The Presbyterian Church (USA)—like many Christian denominations—has been starkly divided over the role of gays and lesbians in the church. It feels to many, as author Richard Mouw puts it, that the church is getting ready for "divorce court." Should the church split or stay together? The authors of these two articles—both Presbyterian, one liberal and one conservative—differ on many things, but they are in accord about whether unity—or schism—is the best way forward.
All of these [Abel, Enoch, Noah, Abraham, and Sarah] died in faith without having received the promises, but from a distance they saw and greeted them. They confessed that they were strangers and foreigners on the earth, for people who speak in this way make clear that they are seeking a homeland....they desire a better country, that is, a heavenly one. Therefore God is not ashamed to be called their God; indeed, God has prepared a city for them.—Hebrews 11:13-16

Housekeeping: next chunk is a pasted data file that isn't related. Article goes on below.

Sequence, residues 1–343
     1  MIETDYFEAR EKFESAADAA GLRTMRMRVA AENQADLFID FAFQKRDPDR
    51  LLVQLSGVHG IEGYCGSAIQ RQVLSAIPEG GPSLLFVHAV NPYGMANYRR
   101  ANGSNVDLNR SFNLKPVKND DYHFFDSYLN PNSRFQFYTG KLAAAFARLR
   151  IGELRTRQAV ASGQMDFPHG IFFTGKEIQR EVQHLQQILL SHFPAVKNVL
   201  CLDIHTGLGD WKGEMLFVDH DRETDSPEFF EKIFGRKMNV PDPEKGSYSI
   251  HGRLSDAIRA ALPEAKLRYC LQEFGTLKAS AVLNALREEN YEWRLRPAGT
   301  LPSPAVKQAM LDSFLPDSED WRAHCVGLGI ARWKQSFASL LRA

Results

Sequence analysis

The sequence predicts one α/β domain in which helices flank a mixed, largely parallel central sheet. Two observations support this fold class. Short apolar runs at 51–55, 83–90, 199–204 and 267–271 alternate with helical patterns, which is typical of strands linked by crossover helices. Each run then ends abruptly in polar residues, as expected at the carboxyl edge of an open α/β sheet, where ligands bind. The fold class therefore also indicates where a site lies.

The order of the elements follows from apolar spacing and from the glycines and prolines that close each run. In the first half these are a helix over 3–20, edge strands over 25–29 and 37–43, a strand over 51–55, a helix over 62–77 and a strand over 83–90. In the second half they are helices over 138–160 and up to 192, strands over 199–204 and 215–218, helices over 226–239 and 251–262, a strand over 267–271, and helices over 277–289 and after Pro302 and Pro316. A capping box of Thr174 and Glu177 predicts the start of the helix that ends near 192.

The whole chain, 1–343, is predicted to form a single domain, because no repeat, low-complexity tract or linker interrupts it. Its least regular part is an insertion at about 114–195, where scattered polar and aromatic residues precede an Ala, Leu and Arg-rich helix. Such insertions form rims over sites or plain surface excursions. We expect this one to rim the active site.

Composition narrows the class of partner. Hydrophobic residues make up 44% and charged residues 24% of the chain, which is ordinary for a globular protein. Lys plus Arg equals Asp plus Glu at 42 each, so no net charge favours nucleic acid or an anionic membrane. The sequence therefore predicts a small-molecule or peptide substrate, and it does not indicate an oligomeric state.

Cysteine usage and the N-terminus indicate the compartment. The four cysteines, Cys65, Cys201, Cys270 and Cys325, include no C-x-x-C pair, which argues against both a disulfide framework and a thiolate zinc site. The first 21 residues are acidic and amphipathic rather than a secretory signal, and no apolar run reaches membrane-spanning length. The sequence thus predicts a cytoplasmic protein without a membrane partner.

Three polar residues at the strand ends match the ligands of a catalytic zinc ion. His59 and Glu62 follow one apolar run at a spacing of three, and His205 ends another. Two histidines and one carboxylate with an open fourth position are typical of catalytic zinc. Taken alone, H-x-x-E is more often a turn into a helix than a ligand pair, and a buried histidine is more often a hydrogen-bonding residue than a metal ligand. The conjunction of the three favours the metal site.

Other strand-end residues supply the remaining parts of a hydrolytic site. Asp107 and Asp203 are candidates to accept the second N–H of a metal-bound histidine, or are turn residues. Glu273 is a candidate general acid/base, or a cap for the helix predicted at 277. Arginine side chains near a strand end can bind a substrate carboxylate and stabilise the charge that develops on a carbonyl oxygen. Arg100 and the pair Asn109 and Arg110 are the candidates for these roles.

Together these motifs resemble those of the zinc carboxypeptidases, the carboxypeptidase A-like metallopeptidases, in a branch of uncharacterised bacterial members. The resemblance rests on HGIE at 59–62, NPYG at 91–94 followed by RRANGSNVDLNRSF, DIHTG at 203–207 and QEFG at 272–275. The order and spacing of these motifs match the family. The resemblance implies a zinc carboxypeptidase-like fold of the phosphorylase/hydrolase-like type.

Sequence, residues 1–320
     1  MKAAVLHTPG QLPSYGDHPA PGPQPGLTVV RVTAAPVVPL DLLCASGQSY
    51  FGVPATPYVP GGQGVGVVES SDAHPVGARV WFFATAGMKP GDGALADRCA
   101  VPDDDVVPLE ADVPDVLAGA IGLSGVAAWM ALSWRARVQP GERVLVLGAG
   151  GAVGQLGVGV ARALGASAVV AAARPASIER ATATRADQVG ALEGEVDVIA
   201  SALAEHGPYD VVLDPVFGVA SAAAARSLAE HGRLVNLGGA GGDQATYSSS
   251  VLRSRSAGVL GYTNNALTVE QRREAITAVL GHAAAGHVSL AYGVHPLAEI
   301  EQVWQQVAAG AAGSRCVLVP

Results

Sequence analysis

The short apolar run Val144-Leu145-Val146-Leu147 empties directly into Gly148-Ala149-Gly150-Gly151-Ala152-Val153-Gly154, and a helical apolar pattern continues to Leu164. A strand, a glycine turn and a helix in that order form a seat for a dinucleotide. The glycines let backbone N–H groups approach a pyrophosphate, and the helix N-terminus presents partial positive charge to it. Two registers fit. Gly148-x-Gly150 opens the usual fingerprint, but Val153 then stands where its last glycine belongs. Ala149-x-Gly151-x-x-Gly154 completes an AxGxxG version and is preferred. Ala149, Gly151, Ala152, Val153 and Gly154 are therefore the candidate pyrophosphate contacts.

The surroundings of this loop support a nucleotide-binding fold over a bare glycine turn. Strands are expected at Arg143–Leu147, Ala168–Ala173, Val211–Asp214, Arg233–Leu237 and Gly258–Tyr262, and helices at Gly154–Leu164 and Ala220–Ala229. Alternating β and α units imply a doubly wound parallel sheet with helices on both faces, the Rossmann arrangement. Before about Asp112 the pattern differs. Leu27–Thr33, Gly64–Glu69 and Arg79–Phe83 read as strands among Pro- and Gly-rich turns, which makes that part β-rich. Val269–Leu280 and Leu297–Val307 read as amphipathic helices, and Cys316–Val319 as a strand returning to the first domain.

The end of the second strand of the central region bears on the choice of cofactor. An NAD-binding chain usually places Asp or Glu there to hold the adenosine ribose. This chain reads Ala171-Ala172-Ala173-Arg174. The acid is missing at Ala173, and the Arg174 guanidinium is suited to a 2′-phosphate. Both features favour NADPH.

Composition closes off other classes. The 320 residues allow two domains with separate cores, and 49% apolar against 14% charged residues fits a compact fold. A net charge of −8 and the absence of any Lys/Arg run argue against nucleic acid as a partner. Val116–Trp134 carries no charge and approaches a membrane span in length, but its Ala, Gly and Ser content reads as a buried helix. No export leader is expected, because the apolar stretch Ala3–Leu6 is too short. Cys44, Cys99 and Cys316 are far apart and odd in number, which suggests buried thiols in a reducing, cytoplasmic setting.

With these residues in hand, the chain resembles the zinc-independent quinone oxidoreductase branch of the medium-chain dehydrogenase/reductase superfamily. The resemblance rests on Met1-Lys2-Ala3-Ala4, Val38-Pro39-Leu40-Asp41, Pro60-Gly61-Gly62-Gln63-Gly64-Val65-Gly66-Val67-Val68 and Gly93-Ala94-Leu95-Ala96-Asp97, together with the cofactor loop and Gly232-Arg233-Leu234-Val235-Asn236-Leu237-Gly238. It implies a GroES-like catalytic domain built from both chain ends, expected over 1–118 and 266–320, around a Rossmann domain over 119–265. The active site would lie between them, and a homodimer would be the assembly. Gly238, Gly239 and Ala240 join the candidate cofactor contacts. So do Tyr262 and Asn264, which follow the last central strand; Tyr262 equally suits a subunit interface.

Many contemporary Christians think the church is dispensable, that God is more easily accessed outside the limits and constraints of church structures. In my own salvation history, however, the church is central. I was introduced to Jesus Christ by the actions as well as the words of his followers. I have grown in the faith because others have taken the time to teach it to me.
Two groups have ministered to me in powerful ways in recent years. One is gay, lesbian, bisexual, and transgender Presbyterians. The church has developed the bad habit of talking about this group as if it is a problem for the denomination. They have not been a problem for me. Quite the opposite: They have provided me with luminous examples of how to live a Christian life under very adverse conditions.